News 14 Jun 17

Stanisic and Simatovic ‘Controlled Ethnic Cleansing Units’

At the retrial of former Serbian security chiefs Jovica Stanisic and Franko Simatovic in The Hague, prosecutors said they were superior officers to units that committed grave crimes in Bosnia and Croatia.

Radosa Milutinovic
Stanisic and Simatovic in court. Photo: MICT.

Prosecutor Adam Weber told the retrial of Jovica Stanisic and Franko Simatovic, alias Frenki, at the Mechanism for International Criminal Tribunals in The Hague on Wednesday, that the defendants controlled Serb fighters who carried out ethnic cleansing during wartime.

“The defendants used their control over Serb institutions and the State Security Service to perform the ethnic cleansing of Croatia and Bosnia and Herzegovina,” Weber said.

The prosecutor cited Simatovic’s speech at a celebration of the anniversary of the Special Operations Unit of the Serbian State Security Service at its base in Kula in 1997 as one of the key pieces of evidence.

As quoted by the prosecutor, Simatovic said that the Serbian units “successfully participated in six joint operations” in Croatia and Bosnia and Herzegovina.

Simatovic also specified that the Serbian Serbian State Security Service had controlled 26 camps for the training of Serb forces throughout Croatia and Bosnia and Herzegovina.

The prosecutor singled out a scene from a video recording of the celebration, depicting Stanisic pointing out the locations of the camps on a map to then President Slobodan Milosevic.

“We shall prove that Serb forces committed brutal ethnic cleansing at those locations,” Weber said.

Stanisic, the former chief of the Serbian State Security Service, and his deputy, Simatovic, are accused of participating in a joint criminal enterprise aimed at permanently and forcible removing Croats and Muslims from large parts of Croatia and Bosnia, which would then be incorporated into a unified Serb state.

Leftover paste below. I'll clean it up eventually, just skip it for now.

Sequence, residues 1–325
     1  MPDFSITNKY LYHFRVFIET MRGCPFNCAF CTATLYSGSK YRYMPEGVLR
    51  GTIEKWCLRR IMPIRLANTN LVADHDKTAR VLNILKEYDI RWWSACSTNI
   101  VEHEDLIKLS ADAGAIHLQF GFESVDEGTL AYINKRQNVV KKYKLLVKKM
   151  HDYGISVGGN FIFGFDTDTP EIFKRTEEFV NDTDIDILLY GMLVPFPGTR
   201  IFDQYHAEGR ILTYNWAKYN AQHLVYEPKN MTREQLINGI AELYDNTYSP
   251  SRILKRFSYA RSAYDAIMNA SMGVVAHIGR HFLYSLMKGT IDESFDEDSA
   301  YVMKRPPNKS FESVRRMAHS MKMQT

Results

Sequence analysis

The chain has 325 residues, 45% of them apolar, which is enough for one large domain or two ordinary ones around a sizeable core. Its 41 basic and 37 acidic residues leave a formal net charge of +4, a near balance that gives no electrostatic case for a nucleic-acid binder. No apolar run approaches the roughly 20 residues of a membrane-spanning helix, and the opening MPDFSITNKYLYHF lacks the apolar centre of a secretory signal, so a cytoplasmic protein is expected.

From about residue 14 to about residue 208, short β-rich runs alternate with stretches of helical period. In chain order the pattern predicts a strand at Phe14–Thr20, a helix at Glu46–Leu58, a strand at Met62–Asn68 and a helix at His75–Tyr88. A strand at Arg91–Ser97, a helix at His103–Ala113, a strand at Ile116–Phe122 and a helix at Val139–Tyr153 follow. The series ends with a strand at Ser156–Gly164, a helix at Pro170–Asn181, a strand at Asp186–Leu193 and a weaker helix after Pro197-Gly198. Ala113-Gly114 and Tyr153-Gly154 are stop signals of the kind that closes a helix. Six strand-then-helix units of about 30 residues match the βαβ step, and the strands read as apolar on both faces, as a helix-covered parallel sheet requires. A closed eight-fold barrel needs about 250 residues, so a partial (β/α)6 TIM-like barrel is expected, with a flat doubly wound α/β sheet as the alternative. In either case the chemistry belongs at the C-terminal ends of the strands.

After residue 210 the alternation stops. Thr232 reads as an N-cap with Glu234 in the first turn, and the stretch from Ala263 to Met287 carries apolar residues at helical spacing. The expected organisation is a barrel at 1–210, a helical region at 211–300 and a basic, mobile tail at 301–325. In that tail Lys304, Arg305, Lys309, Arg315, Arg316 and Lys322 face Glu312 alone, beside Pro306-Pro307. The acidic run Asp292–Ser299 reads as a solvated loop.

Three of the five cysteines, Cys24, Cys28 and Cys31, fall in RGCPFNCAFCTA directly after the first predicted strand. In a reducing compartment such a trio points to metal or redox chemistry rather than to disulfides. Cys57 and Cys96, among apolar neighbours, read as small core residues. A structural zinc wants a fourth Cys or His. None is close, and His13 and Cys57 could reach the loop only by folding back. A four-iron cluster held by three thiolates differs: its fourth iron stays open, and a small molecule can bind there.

The indictment charges them with persecution on racial, religious and political grounds, as well as murders, deportations and the forcible resettlement of Croat and Bosniak civilians.

Stanisic and Simatovic both pleaded not guilty in December last year after the appeals chamber of the International Criminal Tribunal for the Former Yugoslavia overturned their acquittal in their first trial.

The tribunal ruled on December 15 that there were serious legal and factual errors when Stanisic and Simatovic were initially acquitted of war crimes in 2013, and ordered the case to be retried and all the evidence and witnesses reheard in full by new judges.

In his introductory statement on Wednesday, Weber described the operations that were conducted in Bosnia and Herzegovina in which various Serbian-backed units participated – ‘Frenki’s Men’ or the Red Berets, the Serbian Volunteer Guard, also known as the Tigers, commanded by Zeljko Raznatovic, alias Arkan, and the Scorpions unit.

“All those units committed crimes,” the prosecutor said.

He specifically mentioned the shooting of six young Bosniak men from Srebrenica in the Trnovo are in July 1995, which was carried out and videotaped by the Scorpions.

As an example of crimes committed by Arkan’s Tigers, Weber cited the the murders of 65 men and the rape of one woman in Sanski Most in the autumn of 1995.

Shortly afterwards, in October 1995, Bosnian Serb President Radovan Karadzic, presented Arkan with an award, thanking him for his contribution.

The trial continues on Thursday.

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